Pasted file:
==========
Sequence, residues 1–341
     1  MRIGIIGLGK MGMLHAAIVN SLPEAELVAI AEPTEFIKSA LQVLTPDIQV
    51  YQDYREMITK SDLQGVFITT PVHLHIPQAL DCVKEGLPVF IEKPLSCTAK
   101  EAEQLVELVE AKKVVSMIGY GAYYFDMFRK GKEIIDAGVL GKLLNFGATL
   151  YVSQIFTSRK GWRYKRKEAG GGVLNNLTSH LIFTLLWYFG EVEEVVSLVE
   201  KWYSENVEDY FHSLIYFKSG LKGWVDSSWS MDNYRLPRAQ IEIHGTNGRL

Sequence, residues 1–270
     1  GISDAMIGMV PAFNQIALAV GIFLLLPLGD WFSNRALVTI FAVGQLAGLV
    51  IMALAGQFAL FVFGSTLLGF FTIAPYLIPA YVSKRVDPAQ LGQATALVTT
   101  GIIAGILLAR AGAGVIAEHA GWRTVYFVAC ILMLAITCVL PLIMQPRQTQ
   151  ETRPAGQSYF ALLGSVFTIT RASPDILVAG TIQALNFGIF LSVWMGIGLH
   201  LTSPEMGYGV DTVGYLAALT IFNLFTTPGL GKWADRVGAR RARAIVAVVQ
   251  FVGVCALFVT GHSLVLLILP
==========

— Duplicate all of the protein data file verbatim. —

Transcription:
Sequence, residues 1–341
     1  MRIGIIGLGK MGMLHAAIVN SLPEAELVAI AEPTEFIKSA LQVLTPDIQV
    51  YQDYREMITK SDLQGVFITT PVHLHIPQAL DCVKEGLPVF IEKPLSCTAK
   101  EAEQLVELVE AKKVVSMIGY GAYYFDMFRK GKEIIDAGVL GKLLNFGATL
   151  YVSQIFTSRK GWRYKRKEAG GGVLNNLTSH LIFTLLWYFG EVEEVVSLVE
   201  KWYSENVEDY FHSLIYFKSG LKGWVDSSWS MDNYRLPRAQ IEIHGTNGRL

Sequence, residues 1–270
     1  GISDAMIGMV PAFNQIALAV GIFLLLPLGD WFSNRALVTI FAVGQLAGLV
    51  IMALAGQFAL FVFGSTLLGF FTIAPYLIPA YVSKRVDPAQ LGQATALVTT
   101  GIIAGILLAR AGAGVIAEHA GWRTVYFVAC ILMLAITCVL PLIMQPRQTQ
   151  ETRPAGQSYF ALLGSVFTIT RASPDILVAG TIQALNFGIF LSVWMGIGLH
   201  LTSPEMGYGV DTVGYLAALT IFNLFTTPGL GKWADRVGAR RARAIVAVVQ
   251  FVGVCALFVT GHSLVLLILP